US, Iraq sign agreement to settle claims of Americans abused by Saddam Hussein's regime

BAGHDAD (AP) — Iraq has agreed to pay $400 million to Americans who say they were abused by Saddam Hussein's regime, U.S. and Iraqi officials said Friday.

The agreement, recently signed by U.S. and Iraqi officials, represents a significant step forward for Iraq and could bring an end to years of legal battles by Americans who claim to have been tortured or traumatized under Saddam's regime.

But the deal is likely to anger Iraqis who consider themselves the victims' of both Saddam and the 2003 U.S. invasion, and wonder why they should pay money for wrongs committed by the ousted dictator.

The American Embassy spokesman in Iraq, David Ranz, said the agreement "to settle claims of American victims of the Saddam Hussein regime," was signed Sept. 2. He gave no details of the agreement, including who the specific claimants are or the dollar amount involved.

A senior Iraqi government official confirmed the deal has been signed, and said Iraq agreed to pay about $400 million. He said the money would be given to Americans who were affected by the Iraqi invasion of neighboring Kuwait in 1990.

Saddam's government held hundreds of Americans hostage during the run-up to the Gulf War, using them as human shields in hopes of staving off an attack by the U.S. and its allies.

Many of the Americans pursued lawsuits for years against Saddam's government. The Americans kept up their legal fight after Saddam was overthrown in 2003 and a new government came to power. CBS News correspondent Bob Simon, who was held for more than a month during the Gulf War, was one of the people suing Iraq.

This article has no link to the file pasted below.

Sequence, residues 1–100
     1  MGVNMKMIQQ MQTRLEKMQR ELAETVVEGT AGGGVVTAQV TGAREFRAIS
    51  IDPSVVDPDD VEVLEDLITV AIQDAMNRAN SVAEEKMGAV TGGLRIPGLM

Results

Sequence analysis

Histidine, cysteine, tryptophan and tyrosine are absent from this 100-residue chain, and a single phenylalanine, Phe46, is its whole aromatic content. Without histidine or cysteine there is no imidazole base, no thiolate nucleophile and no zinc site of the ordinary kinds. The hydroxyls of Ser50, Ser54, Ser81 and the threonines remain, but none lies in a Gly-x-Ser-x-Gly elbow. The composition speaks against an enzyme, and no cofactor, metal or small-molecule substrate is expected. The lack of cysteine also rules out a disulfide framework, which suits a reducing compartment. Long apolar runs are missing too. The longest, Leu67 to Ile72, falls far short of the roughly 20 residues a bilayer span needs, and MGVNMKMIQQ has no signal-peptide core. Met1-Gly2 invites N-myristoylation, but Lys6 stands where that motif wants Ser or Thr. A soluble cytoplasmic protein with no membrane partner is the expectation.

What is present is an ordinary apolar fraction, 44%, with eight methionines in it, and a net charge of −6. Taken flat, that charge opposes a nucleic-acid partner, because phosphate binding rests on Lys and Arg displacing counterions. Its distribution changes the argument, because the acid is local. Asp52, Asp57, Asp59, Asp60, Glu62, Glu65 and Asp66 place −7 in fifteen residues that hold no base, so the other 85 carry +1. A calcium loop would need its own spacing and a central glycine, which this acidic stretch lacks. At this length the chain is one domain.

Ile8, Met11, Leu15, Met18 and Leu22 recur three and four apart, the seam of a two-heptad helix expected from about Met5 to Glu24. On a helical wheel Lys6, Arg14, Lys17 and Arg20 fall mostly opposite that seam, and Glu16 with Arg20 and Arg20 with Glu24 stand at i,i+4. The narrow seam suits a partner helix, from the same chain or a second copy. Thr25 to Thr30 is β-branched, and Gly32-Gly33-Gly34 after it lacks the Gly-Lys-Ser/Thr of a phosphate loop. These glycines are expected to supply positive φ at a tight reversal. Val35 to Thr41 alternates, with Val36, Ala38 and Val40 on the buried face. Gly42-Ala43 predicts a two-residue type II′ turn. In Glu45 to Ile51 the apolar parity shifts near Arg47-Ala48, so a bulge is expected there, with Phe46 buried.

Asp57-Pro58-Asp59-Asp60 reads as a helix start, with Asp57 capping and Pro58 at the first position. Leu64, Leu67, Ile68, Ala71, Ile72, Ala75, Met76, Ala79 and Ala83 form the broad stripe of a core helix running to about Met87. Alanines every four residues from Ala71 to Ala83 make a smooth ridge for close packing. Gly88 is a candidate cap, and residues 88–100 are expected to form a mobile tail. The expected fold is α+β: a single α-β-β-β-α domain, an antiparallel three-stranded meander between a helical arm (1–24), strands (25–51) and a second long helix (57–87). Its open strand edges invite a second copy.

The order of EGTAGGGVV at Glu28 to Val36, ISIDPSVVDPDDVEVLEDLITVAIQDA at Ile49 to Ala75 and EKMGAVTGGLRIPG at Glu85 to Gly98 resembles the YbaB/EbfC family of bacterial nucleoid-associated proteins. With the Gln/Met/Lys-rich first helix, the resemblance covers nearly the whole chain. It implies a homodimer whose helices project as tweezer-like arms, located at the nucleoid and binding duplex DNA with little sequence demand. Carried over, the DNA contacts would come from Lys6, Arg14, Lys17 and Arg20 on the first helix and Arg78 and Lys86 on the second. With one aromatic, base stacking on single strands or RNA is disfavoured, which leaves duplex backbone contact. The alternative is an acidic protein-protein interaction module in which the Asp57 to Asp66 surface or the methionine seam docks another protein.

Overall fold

The Iraqi official did not say specifically who would receive money from the settlement, but said the deal was connected to the Gulf War.

"This agreement is related to the invasion of Kuwait during the former regime time. Saddam detained U.S. citizens as human shields, and he did torture," said the official, who did not want to be named due to the sensitivity of the issue.

The settlement, which was first reported by the Christian Science Monitor, could help Iraq shake off U.N. sanctions imposed following Saddam's invasion of Kuwait. Baghdad would need the help of the United States to remove the sanctions, and the settlement may remove what has been a stumbling block between the two sides.

Ranz said Iraq still has to go through several steps for the agreement to be finalized. He did not say what those steps are.

Generally such agreements have to be approved by the Cabinet, but this settlement would likely be extremely unpopular among Iraqis who survived years under Saddam only to suffer vicious sectarian fighting after the American invasion.

Approving such a settlement would likely be politically toxic for any Iraqi government, and the matter is further complicated by the fact that Iraq is in month six without a new government after the March 7 elections.


Associated Press writers Qassim Abdul-Zahra in Baghdad and Matthew Lee in Washington contributed to this report.